What is happening this night in the U.S.? Is our southern neighbour engaged in protest against law-enforcement, or is it rioting in the interest of wilful destruction?
Blazing buildings and looted businesses are thuggish behaviour clearly planned and executed. Setting fire to a grocery store or looting an electronics outlet isn’t protest, it’s criminal behaviour deserving of direct intervention by the very police legitimate protesters are accusing of systemic racial bias.
Ty Pruitt is Michael Brown’s cousin. An eloquent, thoughtful young man who makes his case in a reasoned and earnest manner. Ty Pruitt disagrees with the Ferguson, Missouri grand jury’s decision to not criminally indict officer Darren Wilson, but he also called the arsonists and looters “opportunists” and encouraged police to act to save the businesses.
This past weekend I spoke with prominent U.S. civil rights lawyer Barbara Arnwine. Ms.Arnwine argues passionately and eloquently for change in the relationship between American police and the African American community. She is strong-willed and determined and identifies solutions. Exactly the kind of person with whom to confer
I’m not an African American, or African Canadian. Nor am I a member of a visible minority community, so I cannot speak to the relationship that exists between law enforcement and particularly young black males in the United States. Clearly the relationship is fractured. Just as clearly, it must the repaired. Now.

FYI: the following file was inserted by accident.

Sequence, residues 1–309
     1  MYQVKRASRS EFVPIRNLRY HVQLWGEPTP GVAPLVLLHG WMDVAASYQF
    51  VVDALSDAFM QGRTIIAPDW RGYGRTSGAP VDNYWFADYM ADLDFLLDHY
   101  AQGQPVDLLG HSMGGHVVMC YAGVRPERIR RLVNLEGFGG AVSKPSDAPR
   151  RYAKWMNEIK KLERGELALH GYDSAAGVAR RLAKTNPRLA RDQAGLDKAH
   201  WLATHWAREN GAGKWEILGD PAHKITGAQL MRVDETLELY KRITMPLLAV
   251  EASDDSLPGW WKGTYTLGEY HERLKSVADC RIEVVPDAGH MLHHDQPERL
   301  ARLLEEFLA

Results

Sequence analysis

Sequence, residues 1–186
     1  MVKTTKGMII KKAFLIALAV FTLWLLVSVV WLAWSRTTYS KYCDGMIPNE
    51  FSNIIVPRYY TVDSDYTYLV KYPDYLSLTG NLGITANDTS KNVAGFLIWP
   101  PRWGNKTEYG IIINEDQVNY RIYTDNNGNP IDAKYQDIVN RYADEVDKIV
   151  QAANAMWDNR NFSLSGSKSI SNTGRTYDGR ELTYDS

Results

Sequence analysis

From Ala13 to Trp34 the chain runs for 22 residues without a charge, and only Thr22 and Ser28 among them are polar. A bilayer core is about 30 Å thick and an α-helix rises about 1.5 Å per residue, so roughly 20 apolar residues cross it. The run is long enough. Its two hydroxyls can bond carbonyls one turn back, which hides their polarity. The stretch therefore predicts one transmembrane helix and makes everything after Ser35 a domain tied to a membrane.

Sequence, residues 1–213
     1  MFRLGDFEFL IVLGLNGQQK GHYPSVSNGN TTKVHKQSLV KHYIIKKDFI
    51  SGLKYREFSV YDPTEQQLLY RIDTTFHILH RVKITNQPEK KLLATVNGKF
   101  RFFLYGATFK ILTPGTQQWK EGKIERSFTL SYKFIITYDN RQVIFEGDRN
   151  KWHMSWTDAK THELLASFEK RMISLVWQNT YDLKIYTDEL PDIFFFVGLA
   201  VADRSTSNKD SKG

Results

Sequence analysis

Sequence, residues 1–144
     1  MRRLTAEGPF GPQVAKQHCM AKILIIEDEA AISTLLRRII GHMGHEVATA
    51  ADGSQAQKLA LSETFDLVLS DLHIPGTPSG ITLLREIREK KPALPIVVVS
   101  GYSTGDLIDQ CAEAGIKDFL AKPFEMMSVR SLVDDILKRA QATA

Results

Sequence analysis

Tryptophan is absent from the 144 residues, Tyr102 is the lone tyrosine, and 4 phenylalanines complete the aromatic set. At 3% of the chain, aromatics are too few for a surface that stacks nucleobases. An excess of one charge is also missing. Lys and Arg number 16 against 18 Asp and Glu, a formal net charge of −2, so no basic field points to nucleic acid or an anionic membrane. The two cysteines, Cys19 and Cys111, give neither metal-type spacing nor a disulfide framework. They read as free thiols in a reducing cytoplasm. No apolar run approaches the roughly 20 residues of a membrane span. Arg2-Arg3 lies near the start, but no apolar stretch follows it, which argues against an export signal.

Perhaps the deaths of Michael Brown and/or Trayvon Martin might provide the motivation for people with an interest in establishing trust to begin the process of dialogue and negotiation.
I understand the visceral reaction for many on both sides might be to produce a list of grievances of long-standing and write off as impossible the creation of a relationship of understanding and cooperation. Maybe they’re correct. If so, more Ferguson’s and fallout of the Ferguson variety will occur; and after this night and what may follow, with greater frequency and destruction.
None of us yet know what the scars the Ferguson, Missouri death of Michael Brown will ultimately leave. Scars both physical and emotional. Perhaps events will slam shut the door to any opportunity for improvement..
If there is though the will to work toward a better understanding of and willingness to work with police it must begin at the community level and hopefully with a new cast of negotiators. People whose history with each other isn’t rife only with dispute and conflict and who are willing to engage in negotiation for an improved future.